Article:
Kevin R. Bodge


In 1995, a unique project was completed in which two coral reef sites in the Florida Keys were structurally restored after having sustained severe damage from the groundings of large vessels. The project, believed to be the world's first major structural restoration of a damaged reef (vs. in-kind mitigation using artificial reefs), demonstrated numerous innovative materials and marine construction techniques. Restoration focused upon the stabilization ofcoral rubble and large craters which resulted from the vessel groundings. The project's intent was to re-create a stable foundation which closely emulates the adjacent natural seabed and which would foster future recruitment of local biota. Work at one site included the mechanical transfer of coral rubble back into the craters, placement of limerock boulders atop the rubble, and back-filling the boulders' voids with carbonate sand. Work at the other site included excavation of coral rubble and the precision placement of 40 pre-cast reefreplicating armor units into the crater. The gaps between the units and along the crater's perimeter were filled with a specially-designed, non-separable underwater concrete - into which coral rubble and soft corals were impressed. Design was complicated by the sites' proximity to environmentally sensitive coral beds and shallow depths (2.5 to 11 m). During construction, semi- real-time video images of the underwater work were relayed to the Engineer's office via the Internet to augment construction review. Construction was successfully completed per the engineering plans with no consequent environmental damage amidst a very active tropical storm season.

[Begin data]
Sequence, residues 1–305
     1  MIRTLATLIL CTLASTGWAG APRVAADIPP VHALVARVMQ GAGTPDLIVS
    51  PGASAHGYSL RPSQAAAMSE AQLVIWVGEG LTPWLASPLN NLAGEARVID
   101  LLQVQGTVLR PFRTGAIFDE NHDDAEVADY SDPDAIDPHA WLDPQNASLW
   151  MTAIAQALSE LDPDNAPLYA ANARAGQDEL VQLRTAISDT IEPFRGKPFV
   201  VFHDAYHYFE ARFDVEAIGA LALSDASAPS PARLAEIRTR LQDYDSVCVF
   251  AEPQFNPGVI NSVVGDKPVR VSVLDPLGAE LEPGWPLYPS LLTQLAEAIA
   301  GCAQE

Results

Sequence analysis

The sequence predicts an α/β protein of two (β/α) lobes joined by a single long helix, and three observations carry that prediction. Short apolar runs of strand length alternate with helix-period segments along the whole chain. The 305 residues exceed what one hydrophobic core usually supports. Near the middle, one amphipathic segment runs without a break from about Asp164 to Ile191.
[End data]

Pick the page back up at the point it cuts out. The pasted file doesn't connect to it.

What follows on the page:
structure restoration; coral reef; reef; vessel grounding

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